To these stand opposed another kind of political reasoners, who are so far from assimilating a form of government to a machine, that they regard it as a sort of spontaneous product, and the science of government as a branch (so to speak) of natural history. According to them, forms of government are not a matter of choice. We must take them, in the main, as we find them. Governments can not be constructed by premeditated design. They “are not made, but grow.” Our business with them, as with the other facts of the universe, is to acquaint ourselves with their natural properties, and adapt ourselves to them. The fundamental political institutions of a people are considered by this school as a sort of organic growth from the nature and life of that people; a product of their habits, instincts, and unconscious wants and desires, scarcely at all of their deliberate purposes. Their will has had no part in the matter but that of meeting the necessities of the moment by the contrivances of the moment, which contrivances, if in sufficient conformity to the national feelings and character, commonly last, and, by successive aggregation, constitute a polity suited to the people who possess it, but which it would be vain to attempt to superinduce upon any people whose nature and circumstances had not spontaneously evolved it.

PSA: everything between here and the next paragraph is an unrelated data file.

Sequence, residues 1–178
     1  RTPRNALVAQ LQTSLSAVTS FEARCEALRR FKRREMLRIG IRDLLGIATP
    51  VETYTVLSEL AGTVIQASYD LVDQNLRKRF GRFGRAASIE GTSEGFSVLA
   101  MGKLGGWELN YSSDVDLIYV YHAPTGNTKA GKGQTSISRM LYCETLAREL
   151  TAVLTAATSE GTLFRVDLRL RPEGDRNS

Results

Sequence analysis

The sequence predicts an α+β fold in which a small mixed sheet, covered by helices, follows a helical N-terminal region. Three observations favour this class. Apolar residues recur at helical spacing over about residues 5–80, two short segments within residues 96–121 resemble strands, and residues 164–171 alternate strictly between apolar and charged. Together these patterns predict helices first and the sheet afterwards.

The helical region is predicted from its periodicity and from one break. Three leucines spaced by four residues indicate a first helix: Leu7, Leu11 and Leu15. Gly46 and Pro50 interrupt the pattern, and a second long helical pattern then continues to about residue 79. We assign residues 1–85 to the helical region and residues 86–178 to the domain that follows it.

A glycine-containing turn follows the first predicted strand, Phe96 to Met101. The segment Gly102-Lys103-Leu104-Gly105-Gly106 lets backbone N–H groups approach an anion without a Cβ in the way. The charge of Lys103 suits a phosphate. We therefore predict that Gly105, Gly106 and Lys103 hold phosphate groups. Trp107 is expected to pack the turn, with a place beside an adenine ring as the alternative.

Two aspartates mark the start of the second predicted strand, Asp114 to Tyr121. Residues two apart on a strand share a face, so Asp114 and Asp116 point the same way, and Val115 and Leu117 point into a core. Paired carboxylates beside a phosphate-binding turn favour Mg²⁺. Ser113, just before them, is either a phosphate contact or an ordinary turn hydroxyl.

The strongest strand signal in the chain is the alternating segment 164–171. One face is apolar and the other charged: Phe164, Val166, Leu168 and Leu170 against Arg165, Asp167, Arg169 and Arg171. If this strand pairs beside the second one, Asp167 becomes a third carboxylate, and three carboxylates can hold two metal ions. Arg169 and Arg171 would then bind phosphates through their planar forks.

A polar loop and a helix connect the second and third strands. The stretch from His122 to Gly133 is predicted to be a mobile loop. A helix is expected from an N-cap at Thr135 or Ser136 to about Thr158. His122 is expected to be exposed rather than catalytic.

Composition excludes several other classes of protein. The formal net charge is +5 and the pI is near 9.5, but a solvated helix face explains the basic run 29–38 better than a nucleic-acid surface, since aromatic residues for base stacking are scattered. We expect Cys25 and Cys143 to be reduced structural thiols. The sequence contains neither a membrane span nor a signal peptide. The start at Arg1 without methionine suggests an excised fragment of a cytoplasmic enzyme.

It is difficult to decide which of these doctrines would be the most absurd, if we could suppose either of them held as an exclusive theory. But the principles which men profess, on any controverted subject, are usually a very incomplete exponent of the opinions they really hold. No one believes that every people is capable of working every sort of institution. Carry the analogy of mechanical contrivances as far as we will, a man does not choose even an instrument of timber and iron on the sole ground that it is in itself the best. He considers whether he possesses the other requisites which must be combined with it to render its employment advantageous, and, in particular whether those by whom it will have to be worked possess the knowledge and skill necessary for its management. On the other hand, neither are those who speak of institutions as if they were a kind of living organisms really the political fatalists they give themselves out to be. They do not pretend that mankind have absolutely no range of choice as to the government they will live under, or that a consideration of the consequences which flow from different forms of polity is no element at all in deciding which of them should be preferred. But, though each side greatly exaggerates its own theory, out of opposition to the other, and no one holds without modification to either, the two doctrines correspond to a deep-seated difference between two modes of thought; and though it is evident that neither of these is entirely in the right, yet it being equally evident that neither is wholly in the wrong, we must endeavour to get down to what is at the root of each, and avail ourselves of the amount of truth which exists in either.